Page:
Bhardwaj has successfully adapted Shakespeare’s “Macbeth”, “Othello” and “Hamlet” into “Maqbool”, “Omkara” and “Haider”.
“Before making ‘Haider’, I had worked on the script of ‘King Lear’ and visualised Rajnikanth in the lead role. He will be my first choice, if and when I decide to make the film,” Bharadwaj said at the just concluded Brahmaputra Valley Film Festival here.
Asked why he chose Shakespeare’s tragedies to make his signature films, the filmmaker said that while “Maqbool” was an accident, the other two films were his attempt to complete the trilogy.
“…for my second film, I was looking for a story when I decided to make ‘Omkara’, an adaptation of ‘Othello’, and finally there was a pressure to make the third of the trilogy.”
“‘Haider’, the third in the trilogy, was a very difficult film for me. I was under pressure to ensure that the film matches up to the first two films and at the same time, I wanted to make a film in Kashmir against the backdrop of conflict,” he said.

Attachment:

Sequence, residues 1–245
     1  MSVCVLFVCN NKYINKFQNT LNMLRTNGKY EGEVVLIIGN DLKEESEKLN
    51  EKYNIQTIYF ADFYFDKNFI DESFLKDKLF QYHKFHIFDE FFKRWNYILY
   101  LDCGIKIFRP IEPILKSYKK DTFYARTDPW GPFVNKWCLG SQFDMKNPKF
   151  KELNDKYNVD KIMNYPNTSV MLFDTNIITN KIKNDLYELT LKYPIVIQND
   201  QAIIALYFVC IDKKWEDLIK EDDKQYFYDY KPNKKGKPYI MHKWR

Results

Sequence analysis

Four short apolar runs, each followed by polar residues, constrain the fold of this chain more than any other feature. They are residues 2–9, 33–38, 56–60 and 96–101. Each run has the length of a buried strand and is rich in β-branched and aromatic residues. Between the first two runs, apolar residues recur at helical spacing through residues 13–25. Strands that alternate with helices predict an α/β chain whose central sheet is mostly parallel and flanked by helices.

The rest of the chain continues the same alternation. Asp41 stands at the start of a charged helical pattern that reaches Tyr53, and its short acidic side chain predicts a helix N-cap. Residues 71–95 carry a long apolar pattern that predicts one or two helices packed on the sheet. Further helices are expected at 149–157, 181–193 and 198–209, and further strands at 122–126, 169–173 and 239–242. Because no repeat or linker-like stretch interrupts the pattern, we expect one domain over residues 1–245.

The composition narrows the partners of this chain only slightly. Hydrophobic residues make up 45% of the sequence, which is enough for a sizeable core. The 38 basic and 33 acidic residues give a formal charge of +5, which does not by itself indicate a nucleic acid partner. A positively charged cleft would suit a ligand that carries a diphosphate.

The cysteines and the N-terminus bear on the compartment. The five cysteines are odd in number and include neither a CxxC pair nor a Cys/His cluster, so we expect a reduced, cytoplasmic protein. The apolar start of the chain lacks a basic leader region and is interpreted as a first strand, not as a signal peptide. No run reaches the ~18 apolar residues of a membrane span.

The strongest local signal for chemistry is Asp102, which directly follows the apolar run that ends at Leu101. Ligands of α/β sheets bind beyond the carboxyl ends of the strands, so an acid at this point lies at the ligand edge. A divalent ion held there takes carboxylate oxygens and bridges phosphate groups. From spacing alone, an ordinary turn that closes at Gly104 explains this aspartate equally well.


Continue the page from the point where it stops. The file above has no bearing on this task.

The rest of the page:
Next on Bhardwaj’s wishlist is a trilogy of Shakespeare’s comedies but there is nothing on the horizon as of now.
“I will not direct any films but will compose music for three films. I along with many of my well wishers feel that I have neglected my role as a music composer and for the next year, I am going to concentrate on music.”
Asked whether the legacy of filmmakers like Satyajit Ray was now lost, Bhardwaj said that was not true as a generation of filmmakers have emerged watching his films and “many different kinds of films are being made”.
He further appealed to the maestro’s son Sandip Ray to part with the rights of filmmaker’s works so that others can make films on his stories.
“Ray was a master story-teller and many of his stories can be made into great films,” he added.
The director, who made his debut with the children’s film “Makdee” and went on to make “The Blue Umbrella”, regretted that hardly any films were being made exclusively for children.
“There is hardly any creative effort on the part of adults to make films for children and even films made by the Children’s Film Society of India (CFSI) are not commercially viable,” he said.
“This must change and we as members of the society must ensure that more such films are made and children get to see these in cinema halls,” Bharadwaj added.